I grow a kind of strawberry — the white alpine strawberry (Fragaria vesca) — whose flavor, when it is fully ripe, is an ambrosial melding of strawberry and pineapple. But if it’s even slightly underripe, it tastes like cotton soaked in lemon juice. How do I know when to pick a white strawberry? One way is with my nose, by the delectable aroma of a fully ripe fruit. The seeds also darken when the fruit is ripe.
Other types of fruits have their own ways of signaling when they are ripe, and to taste at their best, they must also be harvested at just the right moment. Many people mistakenly believe that any fruit can be picked underripe, then ripened on a kitchen counter. Softening does occur, and perhaps some changes in color and sweetness, but, with few exceptions, fruit picked underripe is no match for fruit fully ripened on the plant. That softening and sweetening is more akin to incipient rot than ripening.
Pears are one of those exceptions — a fruit that must be picked mature, but not ripe. I look for a (very) subtle change in color in my pears, usually towards yellow, and easy separation from the plant if fruit is gently lifted with a slight twist. I definitively know it’s time for harvest when I see the first fruits lying on the ground. (Shakespeare knew this, writing in King Richard II: “The ripest fruit first falls.”)
Once harvested, pears need ripening by spending a few days in a cool room Some pears, such as Anjou, Bosc, Comice, Eldorado, and Packham’s Triumph, need a few weeks in the refrigerator before they can begin their final ripening in that cool room. Care is needed; quoting Emerson, “There are only ten minutes in the life of a pear when it is perfect to eat.”
Asian pears aren’t so finicky. They’re flavor shines only if they are fully ripened on the tree.
Another fruit best picked underripe is late-season apples. At harvest, Newtown Pippin, for example, is too tart for good eating. After being stored until Christmas, however, it ranks as one of the best apples. (Queen Victoria was a fan; she exempted American-grown Newtown Pippins from import tariffs.) Idared apples are hardly edible until February.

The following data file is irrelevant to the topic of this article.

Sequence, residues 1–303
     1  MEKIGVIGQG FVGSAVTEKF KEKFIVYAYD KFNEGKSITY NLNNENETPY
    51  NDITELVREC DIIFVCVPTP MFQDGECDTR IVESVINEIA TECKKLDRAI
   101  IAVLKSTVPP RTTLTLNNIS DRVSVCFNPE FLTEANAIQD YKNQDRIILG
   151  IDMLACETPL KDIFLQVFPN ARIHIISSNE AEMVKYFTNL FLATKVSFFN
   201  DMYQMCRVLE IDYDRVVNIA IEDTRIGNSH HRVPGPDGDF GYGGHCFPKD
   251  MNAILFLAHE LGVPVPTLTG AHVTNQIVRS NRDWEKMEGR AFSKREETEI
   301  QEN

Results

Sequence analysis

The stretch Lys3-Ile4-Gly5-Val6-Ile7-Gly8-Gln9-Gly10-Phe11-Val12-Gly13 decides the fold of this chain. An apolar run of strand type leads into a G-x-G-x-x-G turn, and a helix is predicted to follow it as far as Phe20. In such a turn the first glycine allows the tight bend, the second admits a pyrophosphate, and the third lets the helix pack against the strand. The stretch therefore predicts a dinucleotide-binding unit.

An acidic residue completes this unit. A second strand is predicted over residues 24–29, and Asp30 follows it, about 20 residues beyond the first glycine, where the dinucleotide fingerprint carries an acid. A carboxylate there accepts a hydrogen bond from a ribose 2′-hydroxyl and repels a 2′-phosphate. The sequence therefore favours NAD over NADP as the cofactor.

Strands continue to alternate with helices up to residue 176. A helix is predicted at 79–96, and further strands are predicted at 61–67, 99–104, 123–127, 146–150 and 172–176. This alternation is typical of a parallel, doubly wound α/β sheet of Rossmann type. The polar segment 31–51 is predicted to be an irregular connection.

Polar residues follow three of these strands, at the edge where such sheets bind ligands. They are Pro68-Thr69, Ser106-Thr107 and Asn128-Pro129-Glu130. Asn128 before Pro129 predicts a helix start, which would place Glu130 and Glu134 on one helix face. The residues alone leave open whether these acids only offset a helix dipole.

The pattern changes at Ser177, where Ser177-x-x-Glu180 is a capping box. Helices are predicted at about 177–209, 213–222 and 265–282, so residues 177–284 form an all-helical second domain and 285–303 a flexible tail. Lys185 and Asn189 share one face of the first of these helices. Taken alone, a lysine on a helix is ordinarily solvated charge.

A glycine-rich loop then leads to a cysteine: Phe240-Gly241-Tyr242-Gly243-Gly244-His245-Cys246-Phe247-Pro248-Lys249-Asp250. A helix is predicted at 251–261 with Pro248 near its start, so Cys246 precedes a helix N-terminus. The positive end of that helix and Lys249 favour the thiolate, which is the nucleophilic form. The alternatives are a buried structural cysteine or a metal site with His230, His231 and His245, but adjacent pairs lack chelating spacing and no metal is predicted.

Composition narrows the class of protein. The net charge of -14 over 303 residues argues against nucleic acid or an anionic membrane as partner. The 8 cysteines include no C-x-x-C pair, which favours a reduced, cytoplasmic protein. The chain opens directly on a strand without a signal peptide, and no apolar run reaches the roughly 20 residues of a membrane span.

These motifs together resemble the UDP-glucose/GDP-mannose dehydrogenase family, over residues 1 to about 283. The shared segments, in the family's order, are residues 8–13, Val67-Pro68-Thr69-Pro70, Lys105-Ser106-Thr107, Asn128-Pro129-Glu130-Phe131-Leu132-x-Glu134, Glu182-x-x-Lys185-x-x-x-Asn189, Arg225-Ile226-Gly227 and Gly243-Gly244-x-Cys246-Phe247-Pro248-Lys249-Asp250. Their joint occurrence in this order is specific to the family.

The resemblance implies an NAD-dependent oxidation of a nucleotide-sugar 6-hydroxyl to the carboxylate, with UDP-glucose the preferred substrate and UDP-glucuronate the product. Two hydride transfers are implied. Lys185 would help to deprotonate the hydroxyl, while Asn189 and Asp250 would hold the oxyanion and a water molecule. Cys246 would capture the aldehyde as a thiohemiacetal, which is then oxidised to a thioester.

Other fruits that must be ripened off the plant are avocado and medlar. All of these fruits that are picked mature but not ripe do have to reach a certain point of maturity before they can be harvested and then ripened.
More Obvious Communiqué
The most obvious change for most fruits as optimum harvest time approaches is in color. Generally, I don’t even consider picking any fruits until they are fully colored.
Sometimes that color change can be subtle, such as my alpine strawberries that morph from icy white to creamy white. Apples and peaches broadcast their ripeness when their background color changes from green to yellow.
Red varieties of these fruits need direct light to color, so fruits in shade, although ripe, never turn red. And some varieties of apples have been selected for their ability to turn fully red before they are ripe.
Grapes, plums and raspberries are ready for harvest when they are fully colored; they don’t need direct light. Once the color of the fruit seems right, other indicators help me hone in on the optimum moment for harvest.
Softening is one signal; give peaches and plums a gentle squeeze. Just a look at my drooping, slightly shriveled figs tells me they are ready for picking.
As a final test for when to harvest, check how firmly a fruit is attached to the plant. In the evolutionary scheme of things, a fruit is merely a vehicle for spreading seeds, and a ripe fruit is apt to fall from the plant. Nonetheless, waiting for fruit drop is not always practical, and in some cases it does not happen until the fruit is overripe. That said, Macoun apples that I pick up each morning from beneath my tree taste better than any other Macouns I’ve ever eaten.
Test whether a plum, peach, or other large fruit is ready to separate from its tree as described above for pears: Cup the fruit in the palm of your hand, give it a slight twist around and up. If the fruit is ripe, the stem will part readily from the branch.
Similarly, fall berries, including ever-bearing raspberries, blackberries, and blueberries, readily part from plants when thoroughly ripe. To separate ripe blueberries from unripe ones, I tickle the whole bunch. Only the ripe berries drop off into my hand. Color alone is not an indicator of blueberry ripeness; another few days on the bush are needed for perfection.
With fully colored grapes, whole bunches, not individual fruits, are harvested. (An exception is muscadine grapes, hardy only in the South, from which individual berries are harvested.) For truly delectable flavor, I harvest bunches of grapes when they snap cleanly and easily off the stems right where they are attached.
Don’t expect flavor to last on fruits picked ripe. Even after harvest, fruits remain alive and undergo changes. To maintain best flavor in fruits not to be eaten right away, handle them gently to avoid bruising, and maintain cool temperatures and high humidity to slow respiration (yes! fruits “breathe”) and prevent shriveling. Fruits vary widely in how long they can be stored before developing off-flavors or rot. Handle them correctly and they’ll taste good, but do not expect stored fruits, except pears and late apples, to match the flavor of those plucked fully ripe and eaten then and there.
Color, softening and ease of separation all help tell when to harvest, but the best indicator, except for fruits that need time to be stored before developing full flavor, is, of course, flavor itself. Pick an apple and take a bite or put a blackberry in your mouth; if it tastes good, you picked it at the right moment.